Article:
In this equation, the first term is zero by choosing the minimum of the potential energy to be zero, and the second term is zero because the first derivative of the function is zero at its minimum [also by Equation (29)]. Therefore, when the amplitude of the oscillations is small, we have

$U\left(x\right)\approx \frac{1}{2}{U}^{\u2033}\left({x}_{0}\right){\left(x-{x}_{0}\right)}^{2}$ (31)

Here ${U}^{\u2033}\left({x}_{0}\right)$ is the second derivative of Equation (28) evaluated at $x={x}_{0}$ . Also, ${U}^{\u2033}\left({x}_{0}\right)>0$ because $U\left({x}_{0}\right)$ is a minimum. The equation of motion of the oscillator is then

$m\frac{{\text{d}}^{2}x}{\text{d}{t}^{2}}=-{U}^{\u2033}\left({x}_{0}\right)\left(x-{x}_{0}\right)$ (32)

and if we define $u=x-{x}_{0}$ , we get

$m\frac{{\text{d}}^{2}u}{\text{d}{t}^{2}}=-{U}^{\u2033}\left({x}_{0}\right)u$ (33)

and the oscillator becomes linear or harmonic.

**Figure 3.** Same structure as in **Figure 1** but now the block is also acted on by the force of gravity *mg*.

Yet another example is the system shown in **Figure 4**, in which a particle of mass *m* is tethered by two identical springs, each of spring constant *k*. Based on the above discussion, one can easily show that in the absence of gravity oscillation of the system is intrinsically nonlinear, but with the effect of gravity it becomes linear or harmonic.

**Figure 4.** An oscillating system which is intrinsically nonlinear in the absence of gravity, but becomes linear due to gravity.

There are many oscillators in nature that are intrinsically nonlinear. These oscillators remain non-harmonic or nonlinear even in the limit of zero amplitude because the leading term in Taylor expansion of their potential energy function does not start with a quadratic term in the displacement.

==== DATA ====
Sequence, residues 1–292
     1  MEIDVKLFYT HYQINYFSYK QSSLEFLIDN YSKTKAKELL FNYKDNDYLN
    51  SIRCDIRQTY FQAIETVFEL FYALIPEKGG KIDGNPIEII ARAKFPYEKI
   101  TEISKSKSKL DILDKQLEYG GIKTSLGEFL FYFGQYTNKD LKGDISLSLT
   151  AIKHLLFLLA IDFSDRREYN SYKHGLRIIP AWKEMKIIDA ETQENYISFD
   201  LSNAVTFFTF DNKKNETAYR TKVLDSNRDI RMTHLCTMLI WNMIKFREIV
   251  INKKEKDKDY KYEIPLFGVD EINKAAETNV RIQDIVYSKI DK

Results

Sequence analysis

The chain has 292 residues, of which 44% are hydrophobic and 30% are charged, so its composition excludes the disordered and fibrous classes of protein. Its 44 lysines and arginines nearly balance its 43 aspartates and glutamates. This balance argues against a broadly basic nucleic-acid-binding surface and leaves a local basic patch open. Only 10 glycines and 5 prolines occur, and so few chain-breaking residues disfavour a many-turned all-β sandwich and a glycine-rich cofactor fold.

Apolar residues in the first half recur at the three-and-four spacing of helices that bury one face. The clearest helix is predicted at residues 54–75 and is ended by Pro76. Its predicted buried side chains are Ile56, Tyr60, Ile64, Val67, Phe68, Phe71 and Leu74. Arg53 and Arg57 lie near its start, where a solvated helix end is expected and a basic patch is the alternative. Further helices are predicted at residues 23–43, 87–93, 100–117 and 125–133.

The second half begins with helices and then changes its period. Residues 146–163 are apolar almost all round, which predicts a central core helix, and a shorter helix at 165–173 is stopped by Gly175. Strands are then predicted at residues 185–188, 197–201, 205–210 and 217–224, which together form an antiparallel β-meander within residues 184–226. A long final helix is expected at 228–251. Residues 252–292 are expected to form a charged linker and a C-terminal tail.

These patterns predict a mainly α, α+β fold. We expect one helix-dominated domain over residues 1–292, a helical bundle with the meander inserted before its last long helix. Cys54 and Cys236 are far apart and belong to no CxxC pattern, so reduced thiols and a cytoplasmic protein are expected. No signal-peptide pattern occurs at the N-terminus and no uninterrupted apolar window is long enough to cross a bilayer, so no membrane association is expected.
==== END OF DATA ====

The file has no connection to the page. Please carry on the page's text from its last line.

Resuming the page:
In this article, we have shown that these nonlinear systems can be linearized by addition of a constant force to the oscillator. The role of the constant force is to shift the position of the minimum of the potential energy function, resulting in its Taylor expansion to start with a quadratic term.

It is also possible for the leading term in Taylor expansion of an intrinsically nonlinear oscillator to start with higher powers of the displacement. However, the power of the leading term cannot be odd. This is because if the leading term has an odd power, the potential energy function cannot have a minimum at the equilibrium point. Therefore, the leading term must have an even power. However, regardless of this even power, the linearization by addition of a constant force described above is still applicable and can easily be verified.

In addition to physics and other sciences, oscillations play a crucial role in various fields of engineering. These include, but are not limited to, mechanical engineering, electronics and communication engineering, civil engineering, Aerospace Engineering, and Aerospace Engineering. Because in some cases these oscillations are intrinsically nonlinear, and because linear oscillating systems are the simplest ones and are easy to study, transforming a nonlinear oscillator to linear can be helpful.

Finally, according to the analysis provided in this work, as long as the potential energy function of an intrinsically nonlinear oscillator has a minimum at its equilibrium point, it can be linearized according to the above algorithm by adding a constant force to it.

Conflicts of Interest

The authors declare no conflicts of interest regarding the publication of this paper.